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TITLE: Everybody's Different
By Colin Woekel
01/08/08
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This is a first draft of an article I'll be submitting to Guide magazine. Target audience is ages 10-14. Please critique for grammar and such, but mostly I would like opinions on the readability, flow and whether or not this will work for middle schoolers / early high schoolers. Also, I need to cut about 350 words, where would you start? Thanks! -- Colin
My first day of ninth grade was an exciting one. I woke up at 5:30 Am, a whole hour before I “had” to get up. Rummaging through my clothes I found the perfect outfit; brand new cargo shorts and a trendy t-shirt. I fixed myself an omelet for breakfast and tried to read the whole front page of the newspaper. In my mind I was ready for high-school and the new responsibilities that came with being a young adult.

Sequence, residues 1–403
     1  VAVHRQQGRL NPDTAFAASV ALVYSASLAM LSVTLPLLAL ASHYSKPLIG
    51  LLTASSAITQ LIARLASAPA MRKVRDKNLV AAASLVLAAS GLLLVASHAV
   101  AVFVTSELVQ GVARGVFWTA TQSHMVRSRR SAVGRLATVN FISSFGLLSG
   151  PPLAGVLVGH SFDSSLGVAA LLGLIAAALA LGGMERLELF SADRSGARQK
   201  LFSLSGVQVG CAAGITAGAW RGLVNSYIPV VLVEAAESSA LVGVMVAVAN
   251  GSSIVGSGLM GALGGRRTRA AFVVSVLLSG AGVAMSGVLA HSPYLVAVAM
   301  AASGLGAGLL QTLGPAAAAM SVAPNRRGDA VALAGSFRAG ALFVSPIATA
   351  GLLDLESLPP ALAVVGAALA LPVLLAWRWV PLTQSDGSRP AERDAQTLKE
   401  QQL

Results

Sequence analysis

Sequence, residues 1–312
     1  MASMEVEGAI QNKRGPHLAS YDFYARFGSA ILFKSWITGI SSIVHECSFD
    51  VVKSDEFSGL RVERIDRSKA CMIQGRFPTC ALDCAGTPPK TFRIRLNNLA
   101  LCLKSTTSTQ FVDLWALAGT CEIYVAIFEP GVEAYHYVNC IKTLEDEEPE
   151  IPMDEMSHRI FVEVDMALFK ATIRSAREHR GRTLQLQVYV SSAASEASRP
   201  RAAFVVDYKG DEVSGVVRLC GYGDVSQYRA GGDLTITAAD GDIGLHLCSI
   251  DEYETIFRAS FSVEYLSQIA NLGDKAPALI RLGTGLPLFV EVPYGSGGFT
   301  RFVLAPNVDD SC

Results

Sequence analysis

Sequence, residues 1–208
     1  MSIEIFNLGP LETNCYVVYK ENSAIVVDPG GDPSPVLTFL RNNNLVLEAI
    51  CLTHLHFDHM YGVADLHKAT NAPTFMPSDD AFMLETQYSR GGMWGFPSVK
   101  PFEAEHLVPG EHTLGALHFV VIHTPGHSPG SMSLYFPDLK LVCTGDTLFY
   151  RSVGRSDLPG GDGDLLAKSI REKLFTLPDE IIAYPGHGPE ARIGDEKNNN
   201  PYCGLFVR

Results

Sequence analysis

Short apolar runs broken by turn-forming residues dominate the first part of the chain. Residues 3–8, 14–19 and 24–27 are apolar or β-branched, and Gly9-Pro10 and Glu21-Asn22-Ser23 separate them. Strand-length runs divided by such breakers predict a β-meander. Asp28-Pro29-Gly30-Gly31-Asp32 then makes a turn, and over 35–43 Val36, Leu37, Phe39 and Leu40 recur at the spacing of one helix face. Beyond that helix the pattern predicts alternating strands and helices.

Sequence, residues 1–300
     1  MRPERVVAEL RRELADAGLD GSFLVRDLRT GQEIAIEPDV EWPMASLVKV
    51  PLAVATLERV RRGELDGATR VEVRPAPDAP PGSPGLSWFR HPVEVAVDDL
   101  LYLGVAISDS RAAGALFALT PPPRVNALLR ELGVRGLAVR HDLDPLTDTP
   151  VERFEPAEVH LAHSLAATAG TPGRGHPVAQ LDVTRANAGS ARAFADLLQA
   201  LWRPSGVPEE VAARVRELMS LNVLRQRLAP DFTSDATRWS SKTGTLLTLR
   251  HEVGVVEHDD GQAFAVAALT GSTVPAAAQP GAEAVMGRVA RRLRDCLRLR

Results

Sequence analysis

Among the lessons I learned in the fall of my freshman year were the fact that math should never be taken in the morning, donuts and soda make a horrible pre-lunch snack, and that being a Christian as a young adult had an entirely different meaning than it did as a child.

During the second week of school I discovered Youth For Jesus (or YFJ), a lunch time Bible study on school grounds. For the first time I found myself in a room full of people from different churches and denominations. Some I knew from my church, but some I didn’t recognize at all. A few students sang louder than the rest during worship songs, and others interrupted more than others with bits of wisdom and bible reference; but all proclaimed a love for Jesus.